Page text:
EAST ST. LOUIS – St. Clair County State’s Attorney Brendan Kelly and special assistant David Cates, who claim a Texas firm must remove bad guardrails from roads statewide, expect local crews to distinguish good ones from bad ones.
Their Aug. 11 motion to certify a class action against Trinity Industries at U.S. district court didn’t begin to measure the size and cost of the project.
They asserted only that St. Clair County and second plaintiff Macon County together have about 141 ET-Plus model rails requiring replacement.
They would require similar counting not only in 100 other counties but also in 1,298 municipalities and 1,431 townships.
All ET-Plus rails with a certain channel five inches wide would pass their test, but those with a channel four inches wide would require replacement.
“It will merely require class members that cannot already distinguish between five inch and four inch feeder channels to simply count the number of four inch ET-Plus units in their jurisdiction,” Cates wrote.
He declared it no more burdensome than average for class members in other cases.
He wrote that members of the proposed class have already responded to information requests, and that some members produced hundreds of documents, “which was certainly a much more burdensome and substantial individualized inquiry for proposed class members than simply counting their four inch ET-Plus units.”
He offered the fact that no other class member pursued a claim against Trinity as evidence in support of a class action.
“Practically speaking, this is not surprising, as many if not all counties, cities, villages, incorporated towns, and township governments in the state of Illinois cannot afford to replace the guardrails, let alone undertake the cost associated with fighting a corporate giant with unlimited funds who has demonstrated it will use any and all means and funds necessary to fight this and other companion litigation across the United States,” he wrote.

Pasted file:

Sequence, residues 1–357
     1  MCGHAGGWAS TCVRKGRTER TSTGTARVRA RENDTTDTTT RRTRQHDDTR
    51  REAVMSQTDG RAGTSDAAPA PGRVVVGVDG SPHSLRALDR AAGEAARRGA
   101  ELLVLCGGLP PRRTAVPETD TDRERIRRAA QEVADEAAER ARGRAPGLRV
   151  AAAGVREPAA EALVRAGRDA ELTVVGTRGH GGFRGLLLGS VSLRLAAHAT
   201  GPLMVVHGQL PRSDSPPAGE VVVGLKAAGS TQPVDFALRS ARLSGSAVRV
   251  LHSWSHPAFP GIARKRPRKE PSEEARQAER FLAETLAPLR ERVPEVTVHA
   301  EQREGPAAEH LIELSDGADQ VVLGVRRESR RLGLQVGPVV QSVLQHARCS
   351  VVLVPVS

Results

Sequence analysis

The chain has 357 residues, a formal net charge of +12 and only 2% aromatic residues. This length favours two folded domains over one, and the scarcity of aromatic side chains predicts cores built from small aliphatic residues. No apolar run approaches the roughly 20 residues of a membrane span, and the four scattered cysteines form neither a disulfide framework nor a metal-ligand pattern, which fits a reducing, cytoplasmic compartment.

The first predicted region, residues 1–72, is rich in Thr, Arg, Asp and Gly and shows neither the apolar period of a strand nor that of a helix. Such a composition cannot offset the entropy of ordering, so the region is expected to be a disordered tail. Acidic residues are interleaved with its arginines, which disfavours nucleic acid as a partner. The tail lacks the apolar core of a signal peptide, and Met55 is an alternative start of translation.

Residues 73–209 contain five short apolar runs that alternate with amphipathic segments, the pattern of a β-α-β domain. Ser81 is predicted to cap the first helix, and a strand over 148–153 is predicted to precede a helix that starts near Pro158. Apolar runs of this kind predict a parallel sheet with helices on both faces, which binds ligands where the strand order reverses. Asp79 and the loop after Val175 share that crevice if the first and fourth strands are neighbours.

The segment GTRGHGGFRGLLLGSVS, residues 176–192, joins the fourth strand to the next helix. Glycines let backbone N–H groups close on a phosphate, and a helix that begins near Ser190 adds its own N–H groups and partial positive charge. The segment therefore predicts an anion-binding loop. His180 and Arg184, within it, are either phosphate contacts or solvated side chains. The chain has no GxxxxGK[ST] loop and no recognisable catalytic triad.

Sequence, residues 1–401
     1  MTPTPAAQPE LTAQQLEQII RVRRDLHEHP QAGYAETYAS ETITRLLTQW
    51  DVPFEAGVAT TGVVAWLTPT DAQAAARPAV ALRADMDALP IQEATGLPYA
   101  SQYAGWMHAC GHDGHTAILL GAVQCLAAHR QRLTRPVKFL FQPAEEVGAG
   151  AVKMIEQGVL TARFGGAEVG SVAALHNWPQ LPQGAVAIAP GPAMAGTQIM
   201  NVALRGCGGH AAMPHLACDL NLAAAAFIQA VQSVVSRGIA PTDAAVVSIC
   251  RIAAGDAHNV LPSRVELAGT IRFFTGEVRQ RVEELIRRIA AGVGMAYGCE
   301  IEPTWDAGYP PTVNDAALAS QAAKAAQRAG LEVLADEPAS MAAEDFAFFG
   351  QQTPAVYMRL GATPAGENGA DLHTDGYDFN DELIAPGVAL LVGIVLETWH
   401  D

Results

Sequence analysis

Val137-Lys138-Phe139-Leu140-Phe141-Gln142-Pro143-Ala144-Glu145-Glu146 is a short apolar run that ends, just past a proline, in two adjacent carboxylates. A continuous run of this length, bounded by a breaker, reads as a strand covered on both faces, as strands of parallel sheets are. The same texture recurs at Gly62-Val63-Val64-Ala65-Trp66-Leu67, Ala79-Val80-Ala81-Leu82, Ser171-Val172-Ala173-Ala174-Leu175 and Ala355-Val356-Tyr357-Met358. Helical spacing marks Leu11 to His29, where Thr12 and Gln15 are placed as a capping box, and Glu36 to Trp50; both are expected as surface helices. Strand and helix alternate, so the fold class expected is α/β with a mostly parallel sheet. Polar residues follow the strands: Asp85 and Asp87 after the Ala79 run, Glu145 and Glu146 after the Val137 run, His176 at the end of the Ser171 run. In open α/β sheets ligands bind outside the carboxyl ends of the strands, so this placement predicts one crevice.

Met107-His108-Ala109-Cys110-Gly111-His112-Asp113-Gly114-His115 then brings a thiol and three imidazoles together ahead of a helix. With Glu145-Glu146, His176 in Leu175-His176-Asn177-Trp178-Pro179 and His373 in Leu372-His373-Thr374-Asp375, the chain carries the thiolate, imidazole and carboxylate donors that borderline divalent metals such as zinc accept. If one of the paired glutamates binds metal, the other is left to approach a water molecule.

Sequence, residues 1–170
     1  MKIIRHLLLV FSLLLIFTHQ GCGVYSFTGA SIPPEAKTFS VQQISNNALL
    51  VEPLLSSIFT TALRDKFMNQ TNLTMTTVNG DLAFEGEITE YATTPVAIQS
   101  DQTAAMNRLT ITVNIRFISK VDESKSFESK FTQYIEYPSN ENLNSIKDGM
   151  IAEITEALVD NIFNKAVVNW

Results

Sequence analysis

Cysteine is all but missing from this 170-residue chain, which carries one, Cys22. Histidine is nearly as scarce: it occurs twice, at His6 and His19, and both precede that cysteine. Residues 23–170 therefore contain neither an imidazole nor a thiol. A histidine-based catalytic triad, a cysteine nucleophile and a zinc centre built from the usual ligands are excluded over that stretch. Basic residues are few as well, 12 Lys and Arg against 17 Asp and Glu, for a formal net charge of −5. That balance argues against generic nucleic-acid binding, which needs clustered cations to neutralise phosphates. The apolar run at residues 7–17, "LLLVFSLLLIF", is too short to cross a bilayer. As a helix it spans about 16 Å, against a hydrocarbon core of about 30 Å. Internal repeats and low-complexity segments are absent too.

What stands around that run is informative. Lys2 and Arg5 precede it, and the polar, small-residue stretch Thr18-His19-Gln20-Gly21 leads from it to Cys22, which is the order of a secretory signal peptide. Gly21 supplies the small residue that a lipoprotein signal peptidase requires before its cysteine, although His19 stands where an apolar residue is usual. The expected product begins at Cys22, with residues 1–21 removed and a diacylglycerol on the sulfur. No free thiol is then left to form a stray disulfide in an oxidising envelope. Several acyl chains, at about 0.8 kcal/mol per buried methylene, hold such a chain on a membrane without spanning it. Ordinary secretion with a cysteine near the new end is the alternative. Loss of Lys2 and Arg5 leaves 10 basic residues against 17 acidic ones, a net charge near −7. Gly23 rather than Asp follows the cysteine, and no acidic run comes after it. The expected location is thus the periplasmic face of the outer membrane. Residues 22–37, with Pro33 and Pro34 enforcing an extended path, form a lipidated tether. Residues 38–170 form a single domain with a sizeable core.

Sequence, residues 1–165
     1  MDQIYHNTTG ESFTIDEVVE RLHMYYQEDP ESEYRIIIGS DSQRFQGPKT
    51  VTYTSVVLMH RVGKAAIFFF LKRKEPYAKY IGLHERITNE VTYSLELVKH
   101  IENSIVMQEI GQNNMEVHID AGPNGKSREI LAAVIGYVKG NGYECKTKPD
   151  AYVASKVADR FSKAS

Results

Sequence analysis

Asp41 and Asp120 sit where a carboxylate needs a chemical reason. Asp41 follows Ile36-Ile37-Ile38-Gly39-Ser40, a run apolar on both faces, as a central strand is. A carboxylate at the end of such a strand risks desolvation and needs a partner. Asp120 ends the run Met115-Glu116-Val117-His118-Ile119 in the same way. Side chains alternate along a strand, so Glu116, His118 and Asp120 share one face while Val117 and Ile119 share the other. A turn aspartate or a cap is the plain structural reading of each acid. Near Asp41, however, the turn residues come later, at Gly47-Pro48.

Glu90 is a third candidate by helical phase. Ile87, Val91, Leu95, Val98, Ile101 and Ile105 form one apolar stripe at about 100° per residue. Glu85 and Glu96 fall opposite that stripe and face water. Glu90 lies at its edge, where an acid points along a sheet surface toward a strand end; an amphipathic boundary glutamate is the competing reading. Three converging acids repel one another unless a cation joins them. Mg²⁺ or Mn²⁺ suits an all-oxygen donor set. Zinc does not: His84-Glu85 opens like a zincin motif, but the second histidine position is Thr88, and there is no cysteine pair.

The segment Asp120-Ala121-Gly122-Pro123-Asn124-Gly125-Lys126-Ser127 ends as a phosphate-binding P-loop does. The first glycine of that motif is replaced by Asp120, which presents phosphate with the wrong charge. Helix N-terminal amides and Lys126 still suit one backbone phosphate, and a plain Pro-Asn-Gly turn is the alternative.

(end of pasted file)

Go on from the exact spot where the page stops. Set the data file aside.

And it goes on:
He wrote that four simple steps would calculate the replacement cost.
“Inventory the modified ET-Plus units for each member,” he wrote.
“Solicit a detailed replacement cost proposal from a qualified vendor.
“Each member shall provide a detailed inventory of currently installed Type A guardrail with replacement cost per foot, that will need to be brought up to current height standards of 31 inches when the modified ET-Plus units are removed and replacement end terminals are installed.
“Calculate the total value of the replacement cost.”
Kelly and Cates sued Trinity in November 2014, claiming it sacrificed safety by narrowing the channel and concealing the change from regulators.
A month earlier, jurors at U.S. district court in Marshall, Texas, had assessed $175 million in damages against Trinity on behalf of the United States.
The verdict prompted the Illinois Department of Transportation to ban ET-Plus rails, and the ban remains in place.
The verdict didn’t alter the position of the U.S. Highway Safety Administration, which regards the ET-Plus as safe.
It remains in suspense at the Fifth Circuit appellate court in New Orleans, where judges heard oral argument last December.
U.S. District Judge David Herndon presides over the local case.
He dismissed counts of deceptive trade practices and breach of implied warranty in January, while allowing St. Clair and Macon counties to allege unjust enrichment.
Along with Cates as lead lawyer, Kelly has appointed Eric Holland, Seth Crompton, Christopher Ellis and Shane Mendenhall as special assistants.